Emergency care applies only in cases of serious accidents or life-threatening situations. Every hospital has an emergency department that is accessible 24 hours a day and where you can be helped. You do not need a referral to go to the emergency room. If an ambulance is needed, you can call the (free) number 112.

  • Emergency number, T: 112 – only in a life-threatening situation
  • Suicide prevention, T: 0900-0113 – help in all forms with thoughts of suicide, also for relatives: calling, chatting, therapy, coaching, training, courses. The website has a chat button – you can chat directly.
  • Police, T: 0900-8844 – for non-urgent matters.
    On the website of the police you can file an online report.
  • GP Posts, T: 088 00 30 600 – If you need a GP in a hurry. In the evening, at night or during the weekend in Amsterdam, Badhoevedorp, Landsmeer, Diemen and Duivendrecht.
  • The Listening Line, T: 0900-0767 – if you want to talk to someone (anonymously).
  • Emergency dental care (24/7):
    OLVG Locatie Oost Oosterpark 9, 0900-8602
    Deltal 365, Piet Heinkade 215, 1019 HM A’dam 02 –2442572
  • Emergency psychiatry in Amsterdam 020–5235433 – emergency care for people with (very) severe acute psychological problems, whether or not in combination with addiction.
  • Centre for Sexual Violence 0800-0188 – National specialised centre for victims of acute violence, sexual assault, rape: forensic, medical and psychological assistance. There are doctors, nurses, police and other social workers. The centre is a cooperation between hospitals, GGD, GGZ, police and Slachtofferhulp Nederland. Working method based on scientific research. On the website is a chat button – you can chat directly.
  • Victim support: 0900-0101 – Help to victims and next of kin after a crime, traffic accident or other serious event: emotional support, guidance during the criminal process and help with compensation. The assistance is free of charge.


Current list of hospitals in Amsterdam with their contact details.

You can only visit the hospital with a referral letter from your general practitioner. In every region there is at least one hospital where residents without a valid residence permit can go. In Amsterdam these are the AMC and the VUmc.


Do you need to go to a hospital or clinic for treatment? There is a difference between private clinics and hospitals. You can choose where to have your treatment, but always check with your health insurer.

Difference between private clinic and hospital

Private clinics do not provide emergency care, therefore waiting times are usually shorter than in a hospital. Private clinics do not have the same facilities as a hospital such as an intensive care unit.

Health insurance reimbursement

Your health insurance company will reimburse if:

  • The treatment is medically necessary
  • You have a referral from your general practitioner

General practitioner (GP)

If you are ill, you should first contact your family doctor. It is useful to find a family doctor in your area and to always see the same doctor, so that your health history is always known. The GP will refer you to a specialist if necessary. Without a referral, you cannot be helped by a specialist (in a hospital, for example).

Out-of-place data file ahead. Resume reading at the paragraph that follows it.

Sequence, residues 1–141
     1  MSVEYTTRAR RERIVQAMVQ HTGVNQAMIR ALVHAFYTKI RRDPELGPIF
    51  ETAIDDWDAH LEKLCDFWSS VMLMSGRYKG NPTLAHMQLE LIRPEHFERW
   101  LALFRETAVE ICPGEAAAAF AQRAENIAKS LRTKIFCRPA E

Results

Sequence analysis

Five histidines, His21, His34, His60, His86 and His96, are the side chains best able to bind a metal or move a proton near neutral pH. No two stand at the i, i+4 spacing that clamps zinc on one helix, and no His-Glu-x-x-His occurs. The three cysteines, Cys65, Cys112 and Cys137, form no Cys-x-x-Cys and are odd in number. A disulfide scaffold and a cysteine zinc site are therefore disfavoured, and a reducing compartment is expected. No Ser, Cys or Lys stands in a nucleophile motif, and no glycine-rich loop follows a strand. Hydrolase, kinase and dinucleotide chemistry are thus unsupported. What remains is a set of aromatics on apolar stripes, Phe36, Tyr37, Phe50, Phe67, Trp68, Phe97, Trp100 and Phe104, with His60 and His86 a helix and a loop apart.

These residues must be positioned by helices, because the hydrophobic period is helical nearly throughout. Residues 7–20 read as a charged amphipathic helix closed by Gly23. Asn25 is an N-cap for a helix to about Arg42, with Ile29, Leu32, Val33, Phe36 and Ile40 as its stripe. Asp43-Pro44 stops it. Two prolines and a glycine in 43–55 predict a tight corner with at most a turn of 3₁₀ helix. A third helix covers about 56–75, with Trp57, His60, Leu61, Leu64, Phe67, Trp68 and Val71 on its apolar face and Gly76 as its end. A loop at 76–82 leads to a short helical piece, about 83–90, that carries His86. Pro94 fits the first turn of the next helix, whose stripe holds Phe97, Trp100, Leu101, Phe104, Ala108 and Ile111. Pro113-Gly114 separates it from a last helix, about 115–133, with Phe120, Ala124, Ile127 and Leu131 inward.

Here you will find all the general practitioners of Amsterdam. On this site you can also search by postcode to find the nearest pharmacy.

Amsterdam general practitioners’ outposts: for emergency doctors

Do you urgently need a GP in the evening, at night or at the weekend?

  • T: 088 00 30 600
    Dat is het nummer van de huisartsenpost in Amsterdam, Badhoevedorp, Landsmeer, Diemen en Duivendrecht. See for addresses and opening hours.


The costs for the dentist and other oral care, for instance provided by oral hygienists, do not fall under the basic insurance for adults from the age of 18. Sometimes, however, it is possible to obtain a reimbursement from the basic insurance. This concerns, for instance, reimbursement of dentures or a visit to the oral surgeon. To make an appointment with the dentist, you do not need a referral from your GP.

Here you can find all dentists in Amsterdam. On this site you can also search by postcode to find the nearest pharmacy.

Emergency dental care (24/7)

Medicines can only be obtained in a pharmacy with a prescription from your general practitioner. In every municipality there is at least one pharmacy where patients without a residence permit can go. In Amsterdam, these include pharmacy Ganzenhoef, pharmacy Caleidoscoop and BENU pharmacy Haveneiland. You do not need a prescription for regular medicines, such as paracetamol. You can usually buy these at a drugstore as well.

Here you can find all the pharmacies in Amsterdam. On this site you can also search by postcode to find the pharmacy closest to you.

Life-threatening situation?

  • Call 112

Amsterdam general practitioners’ outposts: for emergency doctors

Do you urgently need a GP in the evening, at night or at the weekend?

  • T: 088 00 30 600 – This is the number of the post office for GPs in Amsterdam, Badhoevedorp, Landsmeer, Diemen and Duivendrecht. See for addresses and opening hours.

In urgent need of medication?

  • Sometimes there is a service pharmacy at a GP surgery, but not always, and under certain conditions medicines can be delivered to your home. Information for Amsterdam and the surrounding area:

To the GP’s surgery or the hospital emergency room?

  • General practitioner’s clinic: health problems for which you would call your GP during the day
  • Emergency First Aid in hospital: serious situations, when a medical specialist is needed.

Are you still in doubt?

  • First call the general practitioners service 088 00 30 600

What are the costs?

As of 1 January 2021, the following rates apply at Huisartsenposten Amsterdam, determined by the Nederlandse Zorgautoriteit (Dutch Health Authority) (NZa).

  • Consultation: € 164,07
  • Visiting € 246,10
  • Triage consult € 35,00

In doubt as to whether you need a doctor?